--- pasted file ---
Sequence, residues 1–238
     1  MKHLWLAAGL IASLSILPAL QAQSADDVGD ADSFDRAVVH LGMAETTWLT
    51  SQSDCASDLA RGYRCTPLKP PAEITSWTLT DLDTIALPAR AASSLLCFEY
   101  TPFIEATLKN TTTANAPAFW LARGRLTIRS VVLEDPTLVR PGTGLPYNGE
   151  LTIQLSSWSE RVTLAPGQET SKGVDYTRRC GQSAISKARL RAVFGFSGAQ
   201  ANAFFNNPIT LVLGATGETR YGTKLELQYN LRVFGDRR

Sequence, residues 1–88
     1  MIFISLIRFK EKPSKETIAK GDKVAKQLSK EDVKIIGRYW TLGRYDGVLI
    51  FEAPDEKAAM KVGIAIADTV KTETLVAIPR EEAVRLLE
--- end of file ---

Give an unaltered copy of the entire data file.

Sequence, residues 1–238
     1  MKHLWLAAGL IASLSILPAL QAQSADDVGD ADSFDRAVVH LGMAETTWLT
    51  SQSDCASDLA RGYRCTPLKP PAEITSWTLT DLDTIALPAR AASSLLCFEY
   101  TPFIEATLKN TTTANAPAFW LARGRLTIRS VVLEDPTLVR PGTGLPYNGE
   151  LTIQLSSWSE RVTLAPGQET SKGVDYTRRC GQSAISKARL RAVFGFSGAQ
   201  ANAFFNNPIT LVLGATGETR YGTKLELQYN LRVFGDRR

Sequence, residues 1–88
     1  MIFISLIRFK EKPSKETIAK GDKVAKQLSK EDVKIIGRYW TLGRYDGVLI
    51  FEAPDEKAAM KVGIAIADTV KTETLVAIPR EEAVRLLE